Friday, 13 April 2012

A House In Bayswater

'A House in Bayswater' was a very personal project for Ken Russell: his first programme for the BBC outside of the 'Monitor' series, set in a house he used to live in and featuring people he used to live with. The film provides a snapshot of a large London house at the end of its era - literally, as it's about to be demolished and replaced by a bland, unlovable office block.  

The building itself is fantastic, a hundred stairs and a myriad of rooms, all presided over by an outspoken house keeper / rent collector / mother hen.

Obviously somewhat Bohemian in nature, the house's tenants mostly bend towards the artistic - there's a titled painter, a young photographer and a dance teacher who had lessons from Pavlova, was a Broadway sensation in the thirties, and can still cut an impressive rug today. Ken gives each person a few minutes of screen time, a little sequence of their own and opportunity to simply talk to the viewer about their life. It's all rather sweet and poignant, although the painter is a bit of a tit and, for all his talk, not much cop with a brush.

A 'key areas' bath

'Think artistic! Think artistic!' 

Madame in the olden days.

Her latest protege.

'And KICK!'

Ken is on his very best behaviour here: his shots are beautifully composed, and the film is gentle and subtle and self-contained. It isn't really a documentary because parts of it are obviously staged, but it reminds you of the power of film to freeze time - to capture a personality, a life, forever, long after that person has gone. I watch a lot of old films and a lot of old documentaries - it's half depressing because most of the people in them are now dead, but half invigorating because there they are - still alive - on the screen. Ken captures the essence of his characters quickly and brilliantly, and it's their energy and eccentricity that makes the film so charming and sad.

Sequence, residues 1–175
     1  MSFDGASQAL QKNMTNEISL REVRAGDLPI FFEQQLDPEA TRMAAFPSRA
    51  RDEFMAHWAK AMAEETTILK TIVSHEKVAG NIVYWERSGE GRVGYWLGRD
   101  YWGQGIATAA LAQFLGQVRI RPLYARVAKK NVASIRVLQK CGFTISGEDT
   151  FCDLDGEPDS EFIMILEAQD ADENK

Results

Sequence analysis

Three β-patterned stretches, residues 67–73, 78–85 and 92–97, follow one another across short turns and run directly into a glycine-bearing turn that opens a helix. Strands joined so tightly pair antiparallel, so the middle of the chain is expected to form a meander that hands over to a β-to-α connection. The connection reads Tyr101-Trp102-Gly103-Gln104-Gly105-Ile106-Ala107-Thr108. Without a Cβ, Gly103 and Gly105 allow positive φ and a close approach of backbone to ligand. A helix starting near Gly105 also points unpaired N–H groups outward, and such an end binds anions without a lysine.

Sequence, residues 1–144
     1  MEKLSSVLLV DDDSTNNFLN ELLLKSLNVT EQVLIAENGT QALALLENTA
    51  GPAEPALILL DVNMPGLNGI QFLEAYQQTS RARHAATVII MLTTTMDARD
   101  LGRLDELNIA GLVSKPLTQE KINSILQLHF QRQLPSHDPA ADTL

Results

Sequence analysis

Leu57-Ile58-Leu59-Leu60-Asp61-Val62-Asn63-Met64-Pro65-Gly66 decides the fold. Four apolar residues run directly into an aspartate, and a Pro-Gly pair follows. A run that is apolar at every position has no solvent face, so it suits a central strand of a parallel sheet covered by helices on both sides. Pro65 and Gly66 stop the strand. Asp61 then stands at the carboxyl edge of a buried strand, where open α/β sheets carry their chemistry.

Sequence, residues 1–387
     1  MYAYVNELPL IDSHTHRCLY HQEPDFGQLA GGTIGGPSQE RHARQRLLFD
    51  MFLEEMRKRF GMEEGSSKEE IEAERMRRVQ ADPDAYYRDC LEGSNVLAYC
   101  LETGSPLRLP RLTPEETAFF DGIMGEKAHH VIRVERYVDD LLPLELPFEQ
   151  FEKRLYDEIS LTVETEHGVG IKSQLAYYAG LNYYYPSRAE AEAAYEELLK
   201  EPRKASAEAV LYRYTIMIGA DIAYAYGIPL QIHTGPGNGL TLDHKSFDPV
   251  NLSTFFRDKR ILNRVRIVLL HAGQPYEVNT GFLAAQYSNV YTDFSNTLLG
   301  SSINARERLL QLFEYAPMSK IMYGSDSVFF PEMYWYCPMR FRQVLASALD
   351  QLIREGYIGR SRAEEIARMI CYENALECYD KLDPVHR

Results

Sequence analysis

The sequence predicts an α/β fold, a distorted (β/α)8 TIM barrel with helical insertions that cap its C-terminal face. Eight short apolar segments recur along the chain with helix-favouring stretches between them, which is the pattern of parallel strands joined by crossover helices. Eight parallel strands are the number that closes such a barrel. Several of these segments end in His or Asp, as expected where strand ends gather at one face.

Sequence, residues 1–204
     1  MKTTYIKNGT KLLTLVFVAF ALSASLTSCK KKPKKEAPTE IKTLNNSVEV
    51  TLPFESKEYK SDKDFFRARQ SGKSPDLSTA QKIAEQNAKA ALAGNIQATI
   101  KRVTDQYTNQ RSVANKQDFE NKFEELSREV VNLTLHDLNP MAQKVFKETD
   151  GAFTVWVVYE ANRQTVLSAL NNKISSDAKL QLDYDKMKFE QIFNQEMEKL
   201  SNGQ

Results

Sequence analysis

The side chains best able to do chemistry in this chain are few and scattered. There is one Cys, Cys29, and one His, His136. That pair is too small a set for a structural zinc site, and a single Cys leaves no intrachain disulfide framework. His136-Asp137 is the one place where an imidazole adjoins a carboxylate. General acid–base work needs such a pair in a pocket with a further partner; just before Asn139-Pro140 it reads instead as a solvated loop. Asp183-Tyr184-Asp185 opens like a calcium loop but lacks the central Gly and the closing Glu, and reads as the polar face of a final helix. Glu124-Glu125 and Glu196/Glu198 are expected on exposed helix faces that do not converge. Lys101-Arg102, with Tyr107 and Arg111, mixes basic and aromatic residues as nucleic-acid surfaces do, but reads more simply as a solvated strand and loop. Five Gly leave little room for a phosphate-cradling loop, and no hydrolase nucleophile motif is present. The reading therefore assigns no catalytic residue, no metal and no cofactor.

I love Viewmasters. I'll bet she's looking at the Wookey Hole.

Pre-NHS teeth feature prominently. 

And again. Still, they're enjoying themselves. 
The final sequence goes all poetic realist on us - an overlaid, soft focus dreamlike montage that reminds me of Jean Cocteau's work, all classical imagery, slow motion and dark corners. It's rather beautiful, but it signals the end - the front door is knocked down and the house is demolished. It doesn't tell us where all the people who lived there went to - but then life is like that, isn't it? You quite often spend a lot of time with people who you'll never see or hear of again.

Anyway, courtesy of an amazing new site I've discovered called 'UTube', here's the whole thing. Watch it all, I promise you a good return for your half hour investment. 

1 comment:

  1. Interestingly, the house featured in the film was not demolished and is still standing, it is 30 Linden Gardens, London.